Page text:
|Neil Clark: Radovan Karadzic deserves punishment - but what about the Neocons?|
|четвртак, 31 март 2016 14:33|
Published time: 26 Mar, 2016 10:28
The conviction of Bosnian Serb leader Radovan Karadzic shows that no one is above the law, says the UN Commissioner for Human Rights, Prince Zeid Ra’ad Al-Hussein.
Karadzic was just sentenced to forty years in jail for genocide, war crimes and crimes against humanity by the International Criminal Tribunal for the former Yugoslavia (ICTY).
"No matter how powerful they are, no matter how untouchable they imagine themselves to be, no matter what continent they inhabit, the perpetrators of such crimes must know that they will not escape justice," Al-Hussein said.
But is that really true?
Make no mistake: Karadzic’s crimes were horrific and he deserves to be punished severely for what he did. But can we really talk about 'international justice' when those responsible for far more bloodshed than Karadzic are still at liberty and are most unlikely ever to be prosecuted?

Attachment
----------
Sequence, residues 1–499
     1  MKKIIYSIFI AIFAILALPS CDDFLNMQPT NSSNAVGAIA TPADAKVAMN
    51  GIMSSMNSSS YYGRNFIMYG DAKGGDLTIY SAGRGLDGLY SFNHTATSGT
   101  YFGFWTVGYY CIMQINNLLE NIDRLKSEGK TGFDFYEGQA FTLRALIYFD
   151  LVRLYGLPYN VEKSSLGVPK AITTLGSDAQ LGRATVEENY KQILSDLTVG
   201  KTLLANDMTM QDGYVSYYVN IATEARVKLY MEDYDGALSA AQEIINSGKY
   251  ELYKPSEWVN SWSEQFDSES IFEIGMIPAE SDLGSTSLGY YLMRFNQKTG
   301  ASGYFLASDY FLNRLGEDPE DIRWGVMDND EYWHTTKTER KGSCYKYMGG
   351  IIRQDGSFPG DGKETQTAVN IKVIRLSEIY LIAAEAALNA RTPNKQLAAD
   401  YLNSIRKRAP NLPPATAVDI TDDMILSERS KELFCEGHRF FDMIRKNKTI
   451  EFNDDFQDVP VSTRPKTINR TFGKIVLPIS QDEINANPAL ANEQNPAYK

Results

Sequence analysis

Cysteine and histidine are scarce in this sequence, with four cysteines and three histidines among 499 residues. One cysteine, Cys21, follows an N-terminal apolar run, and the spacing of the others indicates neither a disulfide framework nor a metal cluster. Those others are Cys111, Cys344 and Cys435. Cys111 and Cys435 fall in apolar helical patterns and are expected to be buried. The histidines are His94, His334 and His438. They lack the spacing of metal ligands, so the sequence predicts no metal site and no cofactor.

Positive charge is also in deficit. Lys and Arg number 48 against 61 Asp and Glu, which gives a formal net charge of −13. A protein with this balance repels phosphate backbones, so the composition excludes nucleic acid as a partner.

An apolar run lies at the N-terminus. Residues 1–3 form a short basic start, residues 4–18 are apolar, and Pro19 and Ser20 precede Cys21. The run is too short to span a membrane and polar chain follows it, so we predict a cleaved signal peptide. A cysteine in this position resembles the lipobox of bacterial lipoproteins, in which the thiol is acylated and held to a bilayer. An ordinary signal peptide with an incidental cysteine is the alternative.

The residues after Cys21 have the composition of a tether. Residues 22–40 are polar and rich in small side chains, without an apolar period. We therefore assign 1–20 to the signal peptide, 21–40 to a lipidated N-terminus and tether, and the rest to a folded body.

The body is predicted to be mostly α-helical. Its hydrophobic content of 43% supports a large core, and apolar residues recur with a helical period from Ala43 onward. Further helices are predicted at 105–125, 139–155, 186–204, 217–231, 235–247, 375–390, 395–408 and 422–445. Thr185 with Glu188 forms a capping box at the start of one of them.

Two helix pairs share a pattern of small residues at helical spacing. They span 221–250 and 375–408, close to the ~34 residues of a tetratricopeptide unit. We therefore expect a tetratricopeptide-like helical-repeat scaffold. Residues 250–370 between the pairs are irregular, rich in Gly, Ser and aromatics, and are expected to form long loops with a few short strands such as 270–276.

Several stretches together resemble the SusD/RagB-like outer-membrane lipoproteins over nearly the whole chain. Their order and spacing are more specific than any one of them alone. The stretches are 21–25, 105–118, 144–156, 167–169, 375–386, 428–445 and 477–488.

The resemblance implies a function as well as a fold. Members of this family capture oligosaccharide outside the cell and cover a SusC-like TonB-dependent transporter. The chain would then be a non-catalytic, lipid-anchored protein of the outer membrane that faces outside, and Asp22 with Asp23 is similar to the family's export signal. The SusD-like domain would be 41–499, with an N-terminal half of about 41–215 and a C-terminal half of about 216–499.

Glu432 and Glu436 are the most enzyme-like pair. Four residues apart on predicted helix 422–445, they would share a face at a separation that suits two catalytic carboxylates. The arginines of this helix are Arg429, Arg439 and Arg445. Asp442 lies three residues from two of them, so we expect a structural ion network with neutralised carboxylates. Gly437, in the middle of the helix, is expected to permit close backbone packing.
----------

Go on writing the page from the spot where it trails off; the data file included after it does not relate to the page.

Exactly a year ago this week, a report called Body Count, compiled by international physicians, revealed that at least 1.3m people had lost their lives in the US-led ‘war on terror’ in Iraq, Afghanistan and Pakistan.
As I wrote at the time for RT in a piece entitled "Causing genocide to protect us from terror":
"The findings are devastating: the in-depth investigation concludes that the ‘war on terror‘ has, directly or indirectly, killed around 1 million people in Iraq, 220,000 in Afghanistan and 80,000 in Pakistan. As awful as that sounds, the total of 1.3 million deaths does not take into account casualties in other war zones, such as Yemen - and the authors stress that the figure is a “conservative estimate”.